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Burns Drugs store all about caring for community

If Wayne Woods has a say in it, you’ll be called by name in Burns Drugs store.

“You’ve got to know their name,” said Woods, managing partner/owner of Burns Drugs. “And I also try to learn a little something about everyone, so when they walk into the store they’re not strangers. In that regard, we’re a kind of throwback to an old business style.”

Maybe that style is why Burns Drugs has been a healthy La Jolla business for so long. It started back in 1952 when Robert Burns bought the store with Strouther Kay. The building stood alone on Girard Street at that time - Warwick’s was not yet next door and the Masons met upstairs in the building.

After about 20 years, store manager Art Keever took over with Orrin Gabsch. They ran it for 20 years themselves until Wayne Woods, accompanied by some silent partners, bought the store from them in 1991.

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So Burns Drugs changed hands a few times over the years, and some things have changed in the pharmacy business, too, since the time the Masons were meeting upstairs.

In the ‘50s, all prescriptions were rung up on cash - “cash and carry” it was called. And when Woods bought Burns Drugs in 1991 only 25 percent of prescriptions were being paid for using insurance. These days, however, Woods estimates that 98 percent of prescriptions are purchased through insurance.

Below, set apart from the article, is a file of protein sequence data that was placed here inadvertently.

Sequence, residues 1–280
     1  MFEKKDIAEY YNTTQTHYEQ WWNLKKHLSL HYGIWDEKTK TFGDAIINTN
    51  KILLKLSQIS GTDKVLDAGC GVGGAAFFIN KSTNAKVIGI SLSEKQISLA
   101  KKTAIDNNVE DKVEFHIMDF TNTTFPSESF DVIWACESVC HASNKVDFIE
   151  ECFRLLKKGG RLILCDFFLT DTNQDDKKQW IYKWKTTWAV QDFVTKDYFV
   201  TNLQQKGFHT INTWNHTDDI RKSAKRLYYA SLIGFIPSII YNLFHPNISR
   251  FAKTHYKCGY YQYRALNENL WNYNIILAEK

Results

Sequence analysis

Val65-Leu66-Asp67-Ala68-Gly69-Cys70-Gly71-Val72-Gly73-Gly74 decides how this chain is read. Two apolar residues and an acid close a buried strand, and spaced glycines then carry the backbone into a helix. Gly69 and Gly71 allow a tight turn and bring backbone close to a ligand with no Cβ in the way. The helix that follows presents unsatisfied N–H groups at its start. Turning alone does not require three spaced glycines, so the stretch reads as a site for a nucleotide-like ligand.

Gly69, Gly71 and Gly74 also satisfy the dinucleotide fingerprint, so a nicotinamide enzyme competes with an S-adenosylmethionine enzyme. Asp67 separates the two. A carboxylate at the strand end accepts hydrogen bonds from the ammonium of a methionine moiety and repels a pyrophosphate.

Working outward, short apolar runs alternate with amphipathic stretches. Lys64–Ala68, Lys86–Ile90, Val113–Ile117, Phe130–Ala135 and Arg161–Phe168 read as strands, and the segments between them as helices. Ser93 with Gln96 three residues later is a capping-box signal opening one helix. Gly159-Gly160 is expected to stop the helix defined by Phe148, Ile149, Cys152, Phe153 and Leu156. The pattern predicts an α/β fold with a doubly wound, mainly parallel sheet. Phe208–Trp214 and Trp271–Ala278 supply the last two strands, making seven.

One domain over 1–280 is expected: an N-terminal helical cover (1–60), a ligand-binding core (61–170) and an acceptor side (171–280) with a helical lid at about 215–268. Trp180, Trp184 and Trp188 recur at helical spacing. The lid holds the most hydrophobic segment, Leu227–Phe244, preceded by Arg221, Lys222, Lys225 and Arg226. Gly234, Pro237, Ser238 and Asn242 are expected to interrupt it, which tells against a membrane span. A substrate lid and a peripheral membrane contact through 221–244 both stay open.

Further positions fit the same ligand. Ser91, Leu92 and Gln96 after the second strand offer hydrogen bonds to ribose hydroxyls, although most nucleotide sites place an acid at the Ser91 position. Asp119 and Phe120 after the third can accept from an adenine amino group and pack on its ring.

This has hurt business. A typical business profit of 28 to 30 percent was made on prescriptions at Burns in the days before the ubiquity of health insurance, he said, but today it’s down to only about eight percent.

Burns’ business has always been about more than just filling prescriptions. The front end of the store is a colorful assortment of cards, souvenirs and cosmetics. In the past, Burns carried an even wider variety of goods up there, including hardware.

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Their claim was that you could find everything at Burns, and if it wasn’t in the store, they would order it and it would be there tomorrow.

“We wanted to take care of the needs of our community,” Woods explained. “That’s why we’re in business.”

As seriously as Wayne Woods takes the sense of community that Burns Drugs provides, he plans to do one thing that breaks with the tradition of business there: He will not be retiring after running it for only 20 years.